How does a horizontal fault move?
Strike-slip faults are vertical (or nearly vertical) fractures where the blocks have mostly moved horizontally. The fault motion of a strike-slip fault is caused by shearing forces. If the block on the far side of the fault moves to the left, as shown in this animation, the fault is called left-lateral. If the block on the far side moves to the right, the fault is called right-lateral Other names: transform, transcurrent fault, lateral fault, tear fault or wrench fault. Examples: San Andreas Fault, California; Anatolian Fault, Turkey.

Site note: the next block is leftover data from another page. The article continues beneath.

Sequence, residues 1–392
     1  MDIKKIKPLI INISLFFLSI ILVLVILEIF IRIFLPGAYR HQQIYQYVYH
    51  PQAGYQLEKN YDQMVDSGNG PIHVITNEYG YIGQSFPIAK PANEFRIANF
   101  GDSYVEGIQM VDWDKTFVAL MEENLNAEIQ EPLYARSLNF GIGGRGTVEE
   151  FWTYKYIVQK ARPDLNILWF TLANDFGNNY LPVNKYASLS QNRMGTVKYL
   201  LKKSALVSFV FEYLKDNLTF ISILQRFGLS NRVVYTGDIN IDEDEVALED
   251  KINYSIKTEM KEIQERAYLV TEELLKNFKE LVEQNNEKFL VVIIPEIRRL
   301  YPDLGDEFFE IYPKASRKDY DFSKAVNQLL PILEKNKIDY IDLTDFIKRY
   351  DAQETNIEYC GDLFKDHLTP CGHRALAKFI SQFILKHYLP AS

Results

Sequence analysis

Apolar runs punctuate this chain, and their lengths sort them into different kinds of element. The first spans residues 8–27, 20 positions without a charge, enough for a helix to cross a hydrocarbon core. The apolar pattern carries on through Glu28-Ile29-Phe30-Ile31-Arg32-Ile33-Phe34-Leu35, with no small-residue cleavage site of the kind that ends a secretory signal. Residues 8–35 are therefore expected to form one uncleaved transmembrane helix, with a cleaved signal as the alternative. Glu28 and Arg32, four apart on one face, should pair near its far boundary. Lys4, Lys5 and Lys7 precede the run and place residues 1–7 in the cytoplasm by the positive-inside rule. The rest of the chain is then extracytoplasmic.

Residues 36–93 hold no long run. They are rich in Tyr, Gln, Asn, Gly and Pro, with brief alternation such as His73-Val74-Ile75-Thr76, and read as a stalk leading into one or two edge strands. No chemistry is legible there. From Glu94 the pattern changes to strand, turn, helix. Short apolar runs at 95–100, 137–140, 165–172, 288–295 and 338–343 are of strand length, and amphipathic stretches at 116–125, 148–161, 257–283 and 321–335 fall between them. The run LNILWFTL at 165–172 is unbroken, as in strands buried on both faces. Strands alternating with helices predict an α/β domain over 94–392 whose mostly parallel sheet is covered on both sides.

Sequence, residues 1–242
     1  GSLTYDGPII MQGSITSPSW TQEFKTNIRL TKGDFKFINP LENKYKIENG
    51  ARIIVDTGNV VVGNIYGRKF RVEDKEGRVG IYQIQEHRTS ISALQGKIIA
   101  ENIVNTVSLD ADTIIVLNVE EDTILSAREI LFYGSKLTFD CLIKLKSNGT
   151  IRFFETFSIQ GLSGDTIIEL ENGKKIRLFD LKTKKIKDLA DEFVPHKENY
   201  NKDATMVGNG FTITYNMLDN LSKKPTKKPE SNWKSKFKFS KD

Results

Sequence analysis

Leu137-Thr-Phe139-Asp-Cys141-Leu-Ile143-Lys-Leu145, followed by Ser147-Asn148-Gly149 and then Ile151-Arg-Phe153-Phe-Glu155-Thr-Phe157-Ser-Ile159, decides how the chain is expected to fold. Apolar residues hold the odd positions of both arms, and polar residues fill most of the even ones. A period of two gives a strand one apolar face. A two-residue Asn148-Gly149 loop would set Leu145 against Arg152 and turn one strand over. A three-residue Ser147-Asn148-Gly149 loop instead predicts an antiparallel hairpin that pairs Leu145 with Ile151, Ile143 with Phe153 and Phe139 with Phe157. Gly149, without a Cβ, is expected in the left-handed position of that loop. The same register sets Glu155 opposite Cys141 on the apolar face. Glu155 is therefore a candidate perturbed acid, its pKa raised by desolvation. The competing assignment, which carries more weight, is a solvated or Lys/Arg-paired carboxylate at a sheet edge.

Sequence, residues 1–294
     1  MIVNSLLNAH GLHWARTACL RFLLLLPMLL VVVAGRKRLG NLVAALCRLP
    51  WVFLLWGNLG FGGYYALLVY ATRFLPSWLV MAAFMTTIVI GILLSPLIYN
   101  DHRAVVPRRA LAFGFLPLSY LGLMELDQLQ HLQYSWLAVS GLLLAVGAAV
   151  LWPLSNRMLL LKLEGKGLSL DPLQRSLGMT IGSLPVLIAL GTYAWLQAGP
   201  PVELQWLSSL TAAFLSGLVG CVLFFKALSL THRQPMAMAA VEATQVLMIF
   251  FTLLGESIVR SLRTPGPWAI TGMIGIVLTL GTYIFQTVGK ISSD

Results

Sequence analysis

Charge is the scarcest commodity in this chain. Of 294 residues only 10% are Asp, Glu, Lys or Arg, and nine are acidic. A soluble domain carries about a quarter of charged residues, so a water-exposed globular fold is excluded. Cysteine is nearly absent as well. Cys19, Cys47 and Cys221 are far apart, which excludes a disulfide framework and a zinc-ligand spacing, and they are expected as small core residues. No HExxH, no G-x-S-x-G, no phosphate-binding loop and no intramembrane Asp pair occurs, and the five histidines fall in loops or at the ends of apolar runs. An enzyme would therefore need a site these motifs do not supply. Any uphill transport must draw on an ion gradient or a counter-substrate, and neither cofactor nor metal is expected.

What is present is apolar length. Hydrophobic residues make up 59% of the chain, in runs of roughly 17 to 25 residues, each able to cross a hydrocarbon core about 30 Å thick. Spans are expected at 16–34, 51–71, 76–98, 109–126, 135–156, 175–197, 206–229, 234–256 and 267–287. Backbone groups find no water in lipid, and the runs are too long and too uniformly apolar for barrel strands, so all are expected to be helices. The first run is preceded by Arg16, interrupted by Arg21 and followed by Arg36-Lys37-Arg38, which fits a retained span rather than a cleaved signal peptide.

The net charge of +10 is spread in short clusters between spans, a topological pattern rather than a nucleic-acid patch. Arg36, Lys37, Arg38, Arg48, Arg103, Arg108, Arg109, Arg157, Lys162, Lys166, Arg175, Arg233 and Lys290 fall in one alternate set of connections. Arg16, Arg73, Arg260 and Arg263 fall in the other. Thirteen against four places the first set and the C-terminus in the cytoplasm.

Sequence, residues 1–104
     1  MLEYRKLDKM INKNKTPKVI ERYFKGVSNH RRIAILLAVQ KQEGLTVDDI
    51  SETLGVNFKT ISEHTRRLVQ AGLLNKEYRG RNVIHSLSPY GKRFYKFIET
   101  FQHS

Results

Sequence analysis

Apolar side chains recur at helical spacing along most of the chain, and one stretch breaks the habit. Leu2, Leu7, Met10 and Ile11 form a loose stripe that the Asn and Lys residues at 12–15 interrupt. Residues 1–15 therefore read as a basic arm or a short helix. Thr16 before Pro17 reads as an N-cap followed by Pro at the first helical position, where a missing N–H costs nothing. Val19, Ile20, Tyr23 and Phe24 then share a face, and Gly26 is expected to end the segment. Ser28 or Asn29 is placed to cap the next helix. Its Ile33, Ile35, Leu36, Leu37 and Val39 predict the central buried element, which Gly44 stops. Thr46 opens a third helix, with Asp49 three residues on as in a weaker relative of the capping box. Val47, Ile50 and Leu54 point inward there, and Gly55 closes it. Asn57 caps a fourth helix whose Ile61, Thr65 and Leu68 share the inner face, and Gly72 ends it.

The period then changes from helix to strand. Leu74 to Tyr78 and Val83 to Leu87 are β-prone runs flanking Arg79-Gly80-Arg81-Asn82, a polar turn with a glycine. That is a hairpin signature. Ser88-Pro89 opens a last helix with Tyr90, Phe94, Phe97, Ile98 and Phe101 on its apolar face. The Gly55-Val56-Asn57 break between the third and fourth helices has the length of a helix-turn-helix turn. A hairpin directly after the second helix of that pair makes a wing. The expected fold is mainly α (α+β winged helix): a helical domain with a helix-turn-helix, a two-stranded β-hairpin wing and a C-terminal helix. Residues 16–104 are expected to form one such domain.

- Strike-slip motion is horizontal
- The fault is vertical, or nearly vertical
- It can be right lateral or left lateral